Emotion Work History

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2.1 HISTORY OF EMOTION WORK

As the three decade milestone of Arlie Russell Hochschild’s classic book, The Managed Heart, (1983) approaches, the study of Emotion work continues to be advanced by scholars from diverse disciplines and of varied perspectives. Emotion work is defined as the paid and unpaid work that involves the use of emotions to facilitate work-related tasks required in and outside of a workplace, as well as, the management of the workers’ own emotions in the workplace.
However, the term ‘Emotion work’ is not broad enough nor is it narrow enough to concretely define boundaries for a literature search. Studies of both, Emotion work that is paid and unpaid, are featured in this review of literature. The reason for including both
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The four institutionalized mechanisms for regulating the experience and expression of emotion in the workplace are: (1) neutralizing, (2) buffering, (3) prescribing, and (4) normalizing emotion. However contrary to this perspective, they argued that emotionality and rationality were interpenetrated, i.e. emotions are an integral and inseparable part of organizational life, and emotions are often functional for the organization. This argument was illustrated by applications to motivation, leadership, and…show more content…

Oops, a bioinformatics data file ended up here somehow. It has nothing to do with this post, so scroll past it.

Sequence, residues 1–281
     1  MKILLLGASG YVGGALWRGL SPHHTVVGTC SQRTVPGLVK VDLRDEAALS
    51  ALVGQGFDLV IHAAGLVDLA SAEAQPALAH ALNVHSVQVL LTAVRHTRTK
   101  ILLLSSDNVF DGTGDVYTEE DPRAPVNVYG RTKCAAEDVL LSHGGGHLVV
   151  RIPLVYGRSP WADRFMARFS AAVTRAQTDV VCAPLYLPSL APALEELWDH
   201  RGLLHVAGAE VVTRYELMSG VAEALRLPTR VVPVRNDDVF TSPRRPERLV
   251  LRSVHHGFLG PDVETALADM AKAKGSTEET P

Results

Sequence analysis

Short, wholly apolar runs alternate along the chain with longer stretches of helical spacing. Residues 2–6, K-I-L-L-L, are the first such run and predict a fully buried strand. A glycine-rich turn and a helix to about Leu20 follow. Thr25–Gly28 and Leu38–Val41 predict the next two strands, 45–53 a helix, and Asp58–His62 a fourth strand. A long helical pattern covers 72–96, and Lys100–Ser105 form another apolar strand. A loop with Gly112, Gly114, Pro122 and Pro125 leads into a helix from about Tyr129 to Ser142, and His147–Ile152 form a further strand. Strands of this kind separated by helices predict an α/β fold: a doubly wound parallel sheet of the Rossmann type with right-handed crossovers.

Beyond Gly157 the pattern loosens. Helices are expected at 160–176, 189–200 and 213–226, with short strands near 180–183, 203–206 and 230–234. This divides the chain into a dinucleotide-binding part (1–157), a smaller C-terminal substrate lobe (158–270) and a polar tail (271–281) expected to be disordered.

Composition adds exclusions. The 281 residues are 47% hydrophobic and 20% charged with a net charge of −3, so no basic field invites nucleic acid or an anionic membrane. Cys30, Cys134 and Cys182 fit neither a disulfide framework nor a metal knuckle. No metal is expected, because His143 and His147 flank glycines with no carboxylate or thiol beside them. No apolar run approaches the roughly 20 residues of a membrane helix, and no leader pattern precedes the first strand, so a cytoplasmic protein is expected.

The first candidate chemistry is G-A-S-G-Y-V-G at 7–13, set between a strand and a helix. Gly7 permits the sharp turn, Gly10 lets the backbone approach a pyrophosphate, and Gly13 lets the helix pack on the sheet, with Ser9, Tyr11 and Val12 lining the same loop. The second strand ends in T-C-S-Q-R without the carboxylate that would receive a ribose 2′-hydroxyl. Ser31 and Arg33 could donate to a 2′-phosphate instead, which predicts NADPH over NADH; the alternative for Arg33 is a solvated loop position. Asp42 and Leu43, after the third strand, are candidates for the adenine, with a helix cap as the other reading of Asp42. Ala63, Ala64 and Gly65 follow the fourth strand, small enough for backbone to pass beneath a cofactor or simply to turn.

This was done by designing a training intervention that taught employees to change their felt emotions to match organizationally-desired emotions by reappraising work situations in a more positive light. Appraisal theories of emotion, state that, emotions are generated by evaluations of situations or events. The purpose of the study was to increase positive emotions and decrease negative emotions in customer service employees by teaching them to appraise workplace events differently. Measures of dependent variables were taken for one week (five shifts) before the training and one week (five shifts) after the training. Additionally, a control group was included who received only general customer service training. The reappraisal training produced an increase in high pleasure, low arousal emotions compared to the control training. The reappraisal training also decreased feelings of inauthenticity and depersonalization compared to the control training in one sub

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